The Hiker by Allan G. Newman


On a small green at the intersections of Exchange, Cottage, Grove, and Spring Streets, a reminder of the Spanish-American War stands tall figure atop a boulder pediment. The statue was erected in 1922, but it was designed and copyrighted by artist and sculptor Allen G. Newman in 1904 to be cast and replicated by Jno. Williams Co. in New York City. The statue brought Newman critical acclaim, and became the official monument of the Veterans of the Spanish American War. And for good reason: American soldiers themselves spent much of that war hiking through the hot, muggy jungles of Pacific and Caribbean islands, often greeting each other casually with a, “hello, hiker!”

Described by respected critic and sculptor Lorado Taft as, “the best bronze soldier in America,” the pose of the soldier is thought to have been inspired by a painting by Frederick Remington, who worked to document the war in Cuba. The statue has been installed in more than 20 locations, including the New York Historical Society in New York City, Woodland Park Zoo in Seattle, Washington, and even as close as Westerly, Rhode Island.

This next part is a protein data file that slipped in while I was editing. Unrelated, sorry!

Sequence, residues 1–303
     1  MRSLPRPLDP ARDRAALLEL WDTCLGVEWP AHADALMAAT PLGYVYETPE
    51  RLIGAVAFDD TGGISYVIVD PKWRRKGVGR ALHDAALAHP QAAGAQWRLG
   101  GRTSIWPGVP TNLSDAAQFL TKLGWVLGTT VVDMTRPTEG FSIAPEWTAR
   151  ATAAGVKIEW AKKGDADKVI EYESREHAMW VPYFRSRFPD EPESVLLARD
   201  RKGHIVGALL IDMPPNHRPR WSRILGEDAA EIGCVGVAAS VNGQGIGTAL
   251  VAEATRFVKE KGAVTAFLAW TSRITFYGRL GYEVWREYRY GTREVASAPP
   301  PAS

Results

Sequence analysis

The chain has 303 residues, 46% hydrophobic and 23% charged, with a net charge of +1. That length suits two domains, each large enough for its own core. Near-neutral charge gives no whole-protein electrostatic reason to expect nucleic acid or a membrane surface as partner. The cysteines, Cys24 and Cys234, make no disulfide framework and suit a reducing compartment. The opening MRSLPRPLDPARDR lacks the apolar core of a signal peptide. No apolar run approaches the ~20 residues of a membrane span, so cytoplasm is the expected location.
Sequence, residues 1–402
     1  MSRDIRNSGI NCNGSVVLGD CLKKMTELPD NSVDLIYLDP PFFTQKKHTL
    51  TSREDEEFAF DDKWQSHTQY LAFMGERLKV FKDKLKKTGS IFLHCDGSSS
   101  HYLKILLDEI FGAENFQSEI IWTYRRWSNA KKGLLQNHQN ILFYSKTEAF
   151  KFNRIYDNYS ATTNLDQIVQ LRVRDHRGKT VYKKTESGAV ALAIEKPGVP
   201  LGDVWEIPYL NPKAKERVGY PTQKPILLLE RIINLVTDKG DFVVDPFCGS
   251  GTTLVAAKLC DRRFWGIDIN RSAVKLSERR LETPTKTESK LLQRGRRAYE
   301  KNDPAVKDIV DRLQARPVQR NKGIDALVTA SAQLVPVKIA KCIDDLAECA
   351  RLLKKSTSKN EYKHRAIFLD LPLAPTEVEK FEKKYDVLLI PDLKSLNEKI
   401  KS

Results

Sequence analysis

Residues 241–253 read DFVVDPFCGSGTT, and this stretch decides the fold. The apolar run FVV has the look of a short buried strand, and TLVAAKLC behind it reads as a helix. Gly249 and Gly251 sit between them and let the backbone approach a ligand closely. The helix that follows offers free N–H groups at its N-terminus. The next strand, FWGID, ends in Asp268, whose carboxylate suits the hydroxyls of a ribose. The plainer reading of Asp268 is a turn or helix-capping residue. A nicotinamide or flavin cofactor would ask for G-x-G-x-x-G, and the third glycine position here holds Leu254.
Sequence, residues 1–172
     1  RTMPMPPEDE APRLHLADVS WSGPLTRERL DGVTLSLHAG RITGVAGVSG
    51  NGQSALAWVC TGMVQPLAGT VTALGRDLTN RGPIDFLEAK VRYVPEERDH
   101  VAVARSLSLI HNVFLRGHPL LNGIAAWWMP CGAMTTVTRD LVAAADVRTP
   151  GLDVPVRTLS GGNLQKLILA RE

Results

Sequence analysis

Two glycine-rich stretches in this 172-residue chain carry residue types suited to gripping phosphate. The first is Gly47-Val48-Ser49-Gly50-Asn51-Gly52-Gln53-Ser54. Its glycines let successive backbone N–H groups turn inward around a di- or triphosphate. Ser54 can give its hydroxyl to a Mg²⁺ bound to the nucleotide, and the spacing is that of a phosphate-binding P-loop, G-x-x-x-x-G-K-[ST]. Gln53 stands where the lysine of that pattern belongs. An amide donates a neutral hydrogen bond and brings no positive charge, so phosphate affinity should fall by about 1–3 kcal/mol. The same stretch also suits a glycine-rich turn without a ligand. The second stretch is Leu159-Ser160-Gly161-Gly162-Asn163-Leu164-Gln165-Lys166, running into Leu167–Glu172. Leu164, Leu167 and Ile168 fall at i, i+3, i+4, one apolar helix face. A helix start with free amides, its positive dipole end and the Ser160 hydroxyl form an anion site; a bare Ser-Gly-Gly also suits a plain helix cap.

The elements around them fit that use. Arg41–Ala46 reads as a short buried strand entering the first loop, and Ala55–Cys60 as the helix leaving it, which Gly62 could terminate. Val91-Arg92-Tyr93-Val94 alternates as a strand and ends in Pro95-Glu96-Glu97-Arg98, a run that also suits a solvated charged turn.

Newman himself was born in New York City in 1875. He studied at the National Academy of Design and for four years (1897-1901) under sculptor John Quincy Adams Ward at that artist’s studio. Among his other works are Triumph of Peace in Piedmont Park, Atlanta, Georgia; Women of the South in Jacksonville Florida; and Grier Monument in Lead, South Dakota. Throughout his life he was a member of the National Sculpture Society, the American Federation of Arts, the American Numismatic Society, the Beaux-Arts Institute of Design, the National Arts Club and was an associate at the National Academy of Design. He died in New York in 1940.

Todd Stong




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